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  • Treating Burns email is a Mistake

    The other day I got an email about treating burns with FLOUR, but I'm sure it should have said BAKING SODA, as flour dust can be explosive.

    When I was is grade school I remember my great aunt treating burns with baking soda.

    Here's the email, but keep BAKING SODA in mind, and not flour.

    -------- THE BENEFIT OF FLOUR

    Interesting! Who knew?


    Some time ago, I was cooking some corn and stuck my fork in the boiling water to see if the corn was ready. I missed and my hand went into the boiling water!





    A friend of mine, who was a Vietnam vet, came into the house, as I was screaming, & asked me if I had some plain old flour... I pulled out a bag and he stuck my hand in it. He told me to keep my hand in the flour for 10 minutes.




    He said, in Vietnam, there was a guy on fire and in their panic, they threw a bag of flour all over him to put the fire out... Well, it not only put the fire out, but he never even had a blister!!!!



    Long story short, I put my hand in the bag of flour for 10 mins, pulled it out and did not even have a red mark or a blister & absolutely NO PAIN.




    Now, I keep a bag of flour in the fridge and every time I burn myself. *Cold flour feels even better than room temperature flour. I use the flour and have never ever had even a red spot/burn mark, or a blister! I even burnt my tongue once, put the flour on it for about 10 minutes .... the pain was gone and no burn.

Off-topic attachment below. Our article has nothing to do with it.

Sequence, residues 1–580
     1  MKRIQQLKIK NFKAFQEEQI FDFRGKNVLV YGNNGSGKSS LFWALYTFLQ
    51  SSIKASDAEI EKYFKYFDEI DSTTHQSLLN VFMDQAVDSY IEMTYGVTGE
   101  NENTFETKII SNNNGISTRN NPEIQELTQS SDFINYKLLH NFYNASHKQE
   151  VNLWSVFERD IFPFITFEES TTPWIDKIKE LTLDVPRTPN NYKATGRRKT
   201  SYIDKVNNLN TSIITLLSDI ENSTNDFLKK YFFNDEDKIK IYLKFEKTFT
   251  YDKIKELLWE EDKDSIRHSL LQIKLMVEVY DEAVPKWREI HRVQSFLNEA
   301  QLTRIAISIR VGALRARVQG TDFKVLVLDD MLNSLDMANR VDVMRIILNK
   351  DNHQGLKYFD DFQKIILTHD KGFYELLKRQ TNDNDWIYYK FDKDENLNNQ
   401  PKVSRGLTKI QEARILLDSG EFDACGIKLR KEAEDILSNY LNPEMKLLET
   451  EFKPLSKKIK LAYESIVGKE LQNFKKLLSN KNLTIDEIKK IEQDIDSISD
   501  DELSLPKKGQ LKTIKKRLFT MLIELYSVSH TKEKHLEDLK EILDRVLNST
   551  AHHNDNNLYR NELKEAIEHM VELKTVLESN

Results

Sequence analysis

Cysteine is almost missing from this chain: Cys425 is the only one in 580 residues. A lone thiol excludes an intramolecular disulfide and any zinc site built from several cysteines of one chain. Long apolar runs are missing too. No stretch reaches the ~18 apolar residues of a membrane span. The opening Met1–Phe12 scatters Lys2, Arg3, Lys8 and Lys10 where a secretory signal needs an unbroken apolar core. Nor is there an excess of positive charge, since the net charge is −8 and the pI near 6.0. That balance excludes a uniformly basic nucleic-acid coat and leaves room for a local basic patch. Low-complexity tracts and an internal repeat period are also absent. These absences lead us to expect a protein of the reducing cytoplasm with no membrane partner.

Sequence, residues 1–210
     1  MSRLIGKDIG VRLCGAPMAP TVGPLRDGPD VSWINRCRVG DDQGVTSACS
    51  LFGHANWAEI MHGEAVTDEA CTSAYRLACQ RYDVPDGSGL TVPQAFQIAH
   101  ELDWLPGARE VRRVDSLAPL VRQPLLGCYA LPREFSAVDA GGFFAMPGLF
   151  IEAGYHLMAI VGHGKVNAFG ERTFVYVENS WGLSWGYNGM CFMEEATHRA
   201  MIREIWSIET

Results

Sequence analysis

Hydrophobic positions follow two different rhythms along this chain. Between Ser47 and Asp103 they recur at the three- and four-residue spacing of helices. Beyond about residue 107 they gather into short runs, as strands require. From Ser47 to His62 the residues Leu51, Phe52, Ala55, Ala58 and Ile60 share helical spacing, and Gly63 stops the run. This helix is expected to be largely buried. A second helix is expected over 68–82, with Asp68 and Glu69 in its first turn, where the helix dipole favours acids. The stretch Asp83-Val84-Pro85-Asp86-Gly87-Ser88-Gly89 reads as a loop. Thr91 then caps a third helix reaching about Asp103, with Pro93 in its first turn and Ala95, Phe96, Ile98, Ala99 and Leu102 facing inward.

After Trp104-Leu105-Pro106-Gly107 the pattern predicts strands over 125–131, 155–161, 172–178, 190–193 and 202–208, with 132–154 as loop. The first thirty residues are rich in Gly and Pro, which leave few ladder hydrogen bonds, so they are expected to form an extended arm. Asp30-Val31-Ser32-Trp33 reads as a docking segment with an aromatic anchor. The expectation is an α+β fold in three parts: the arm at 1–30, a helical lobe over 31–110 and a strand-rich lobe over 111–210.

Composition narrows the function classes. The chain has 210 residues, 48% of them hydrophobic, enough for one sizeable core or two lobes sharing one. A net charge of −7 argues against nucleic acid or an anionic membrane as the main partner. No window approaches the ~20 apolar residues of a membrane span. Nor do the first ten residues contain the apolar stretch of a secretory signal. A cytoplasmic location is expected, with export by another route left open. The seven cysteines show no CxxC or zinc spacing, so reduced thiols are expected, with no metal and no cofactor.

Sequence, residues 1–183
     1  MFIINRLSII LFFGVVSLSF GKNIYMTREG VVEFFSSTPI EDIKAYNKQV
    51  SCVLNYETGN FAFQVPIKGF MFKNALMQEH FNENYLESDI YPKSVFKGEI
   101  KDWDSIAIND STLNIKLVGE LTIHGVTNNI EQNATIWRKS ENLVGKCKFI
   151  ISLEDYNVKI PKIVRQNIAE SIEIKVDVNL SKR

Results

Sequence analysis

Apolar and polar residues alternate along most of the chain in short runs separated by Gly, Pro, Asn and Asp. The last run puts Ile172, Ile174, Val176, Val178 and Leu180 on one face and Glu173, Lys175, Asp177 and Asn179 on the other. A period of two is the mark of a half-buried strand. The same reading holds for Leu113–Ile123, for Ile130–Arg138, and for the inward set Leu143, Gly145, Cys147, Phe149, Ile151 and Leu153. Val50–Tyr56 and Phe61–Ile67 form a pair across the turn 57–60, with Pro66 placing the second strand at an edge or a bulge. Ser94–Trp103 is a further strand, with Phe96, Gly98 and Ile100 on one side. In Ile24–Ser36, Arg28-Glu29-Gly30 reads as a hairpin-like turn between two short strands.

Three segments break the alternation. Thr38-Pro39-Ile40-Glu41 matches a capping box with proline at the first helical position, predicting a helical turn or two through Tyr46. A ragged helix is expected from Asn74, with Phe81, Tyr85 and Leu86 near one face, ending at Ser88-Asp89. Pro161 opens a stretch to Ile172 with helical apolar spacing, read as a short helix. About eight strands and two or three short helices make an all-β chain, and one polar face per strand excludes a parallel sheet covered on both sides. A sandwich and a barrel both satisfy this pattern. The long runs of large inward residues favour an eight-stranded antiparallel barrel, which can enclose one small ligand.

Try it . . . Experience a miracle! Keep a bag of flour in your fridge and you will be happy you did!




    Flour has heat absorbent property and also has a strong antioxidant property, thus it helps in burn patients if applied within 15 minutes.

    “When someone shares something of value with you and you benefit from it, you should share it with others"










































































  • #2
    Because cooling the wound is of paramount importance, sticking a burned hand into a sack of flour would be a mistake, whether the flour has been refrigerated or not. The highest priority is to get the temperature of the injured area back down to normal, and this is not accomplished by cocooning the wound within a substance that will effectively hold the heat in place. (Similarly, salves and ointments are not applied to burns until the wounded area has fully cooled, because otherwise that which is intended to heal will instead trap the heat within the flesh, thereby allowing further damage to take place.)

    see the full rebuttal here:

    https://www.snopes.com/medical/homecure/flourburns.asp

    and on the specific application of baking soda:


    Baking soda is a very popular folk remedy for burns. It probably works by drawing some of the heat out of the burn (when baking soda dissolves in water, the result is a "cooling" sensation on the skin). However, the ability of baking soda to relieve the discomfort of the burn for any significant period of time is pretty minimal. In any case, burns should be evaluated by a doctor. This is to make sure that the depth of the burn is not too great, which could require more aggressive treatment. It is also to help remove any dead tissue that might impair healing. Placing a paste of baking soda, or anything else really, on the burn prior to showing it to the doctor just makes it harder to make this initial assessment. If you can get in to your primary care doctor right away, then that would be a good place to start for an assessment. If not, then you can go to an emergency room for a more immediate evaluation. After the doctor takes a look, they will recommend to you what you should do in terms both of wound care and also medications to relieve the pain.

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